The greater the heat loss from your home, the more energy you will need to maintain the inside temperature, which means that the cost of leaving your heating on all the time will be especially expensive. This means that leaving your heating on all the time will drain a lot more energy from inefficient homes, as the heating works a lot harder to replace lost heat.

With many of the more modern room thermostats you also have the ability to set different temperatures at different times, and you may even be able to set up a separate programme for weekends.

When you use your boiler timer and room thermostat in combination with radiator temperature controls (TRVs), you really do have the most energy-efficient approach to heating your home.

How to test it – You can test whether putting on the heating 24/7 is cheaper than programming your system to come on at certain times of the day.

To get a good idea of the energy usage for each option, you can leave your heating on constantly for a week, followed by a week of programming your heating to come on twice a day. You will need to take a meter reading at the beginning and end of each week, and from the results you will be able to see – assuming the weather and temperature outdoors have been similar across the two weeks – which approach is the most energy-efficient for you.

Top tip – During the summer the boiler will generally be used for hot water only, the heating system sits there dormant, and some parts can seize through lack of use. To prevent the “breakdown” at the first cold weekend of the autumn, try running the heating for an hour every third week. This keeps everything lubricated and less prone to failure.

How to get the most from your air source (heat pump) central heating

Air Source heating works at a lower temperature than gas/oil systems. The fluid in the pipework and radiators is around 45˚C (as opposed to 70˚C). The systems are designed with larger output radiators to reflect this. Air Source heating is not as responsive as gas/oil heating and so keeping the home at a constant temperature suits these systems better. Aim for 15˚C room temperature when not in use, lifting to 18 to 21˚C for when the rooms are in use.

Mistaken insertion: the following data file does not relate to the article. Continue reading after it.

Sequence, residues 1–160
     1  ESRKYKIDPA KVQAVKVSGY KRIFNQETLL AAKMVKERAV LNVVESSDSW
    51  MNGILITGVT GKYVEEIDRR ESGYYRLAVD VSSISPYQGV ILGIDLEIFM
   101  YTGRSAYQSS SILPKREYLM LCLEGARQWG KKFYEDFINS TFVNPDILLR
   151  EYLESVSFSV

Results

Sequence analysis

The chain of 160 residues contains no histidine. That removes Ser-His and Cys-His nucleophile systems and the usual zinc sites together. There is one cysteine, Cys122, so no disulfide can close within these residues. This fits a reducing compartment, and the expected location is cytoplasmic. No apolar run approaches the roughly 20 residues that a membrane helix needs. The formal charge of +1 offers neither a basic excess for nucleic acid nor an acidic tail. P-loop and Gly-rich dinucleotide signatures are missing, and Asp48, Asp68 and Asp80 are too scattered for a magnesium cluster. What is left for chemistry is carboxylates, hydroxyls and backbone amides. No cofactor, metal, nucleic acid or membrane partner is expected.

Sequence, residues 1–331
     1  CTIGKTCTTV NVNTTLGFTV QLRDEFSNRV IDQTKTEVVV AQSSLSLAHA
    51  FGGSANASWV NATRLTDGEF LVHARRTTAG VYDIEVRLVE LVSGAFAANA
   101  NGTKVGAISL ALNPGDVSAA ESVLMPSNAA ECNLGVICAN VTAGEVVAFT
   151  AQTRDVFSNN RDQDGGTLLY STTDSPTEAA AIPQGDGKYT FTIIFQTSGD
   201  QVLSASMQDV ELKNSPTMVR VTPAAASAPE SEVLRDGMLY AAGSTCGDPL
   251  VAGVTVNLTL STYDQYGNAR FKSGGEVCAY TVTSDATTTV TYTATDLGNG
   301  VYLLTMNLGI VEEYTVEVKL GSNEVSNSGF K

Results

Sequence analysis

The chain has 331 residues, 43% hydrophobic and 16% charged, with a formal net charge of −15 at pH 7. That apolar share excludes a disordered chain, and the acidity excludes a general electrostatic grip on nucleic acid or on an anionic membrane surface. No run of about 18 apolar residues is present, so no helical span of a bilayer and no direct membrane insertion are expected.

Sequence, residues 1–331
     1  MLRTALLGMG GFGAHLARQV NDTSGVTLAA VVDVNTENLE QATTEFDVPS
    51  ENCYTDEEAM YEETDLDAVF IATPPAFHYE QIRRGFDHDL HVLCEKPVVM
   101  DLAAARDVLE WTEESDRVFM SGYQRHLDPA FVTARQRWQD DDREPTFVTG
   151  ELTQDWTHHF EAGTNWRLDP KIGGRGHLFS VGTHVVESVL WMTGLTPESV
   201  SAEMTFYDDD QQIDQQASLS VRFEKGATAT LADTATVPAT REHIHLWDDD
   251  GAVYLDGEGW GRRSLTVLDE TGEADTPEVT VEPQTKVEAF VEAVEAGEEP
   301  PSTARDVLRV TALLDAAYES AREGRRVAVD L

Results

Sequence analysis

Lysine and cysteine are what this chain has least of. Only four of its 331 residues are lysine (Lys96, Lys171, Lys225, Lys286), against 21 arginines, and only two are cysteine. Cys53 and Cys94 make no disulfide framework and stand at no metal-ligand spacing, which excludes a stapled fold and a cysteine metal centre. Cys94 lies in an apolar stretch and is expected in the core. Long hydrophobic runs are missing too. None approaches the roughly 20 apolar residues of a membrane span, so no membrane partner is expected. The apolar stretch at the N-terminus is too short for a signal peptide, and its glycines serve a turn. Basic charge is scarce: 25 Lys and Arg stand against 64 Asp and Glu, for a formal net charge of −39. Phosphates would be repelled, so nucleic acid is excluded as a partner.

The rest of the information for gas/oil then applies.

How to get the most from your electric heating

Storage heaters have been around for some time. Modern heaters combine storage and radiant heat to provide warmth in your home, while older heaters rely on storage alone to provide warmth. These heaters might have just one control or separate input and output controls. It’s important you know what they do.

The Input/Charge control sets the amount of heat that can be stored in the heater.

The heater is charged overnight and stores heat in heat-retaining bricks, which is then released slowly over the day. The input dial controls the charging of the bricks. If the dial is marked 1-9 and you set it at 3, 30% of the bricks will be charged.

The higher the setting (normally 1-9), the greater the amount of heat stored, and the more energy you’ll use.

We recommend that you set the Input control at a level that gives you enough heat to keep you comfortable and helps keep control of your costs.

The Output/Boost control lets you manage the amount of heat that the heater gives out during the day.

If you spend a lot of time at home, set the control at a level that feels comfortable for the longest possible time between the periods that the system gets charged.

If the house is empty, you could set the control at low for as long as possible and increase it if the house becomes occupied.

Remember to reset the output control to low before you go to bed.

There are several good guides on YouTube on how to set the controls of storage heaters.

Electric panel heaters and similar products use a variety of gels, fluids and other materials to try and retain heat longer than conventional panel heaters.

Unlike storage heating, electric panel heaters don’t just charge during periods when electricity is cheaper. To keep costs as low as possible, always try to heat your home when it’s cheaper for you.

Be aware of the power rating of your heaters – the higher the rating the higher the cost to use.

Make sure you know the length of time and energy needed to keep the system operating at your chosen temperature.

Use any timer or thermostatic controls supplied with your system.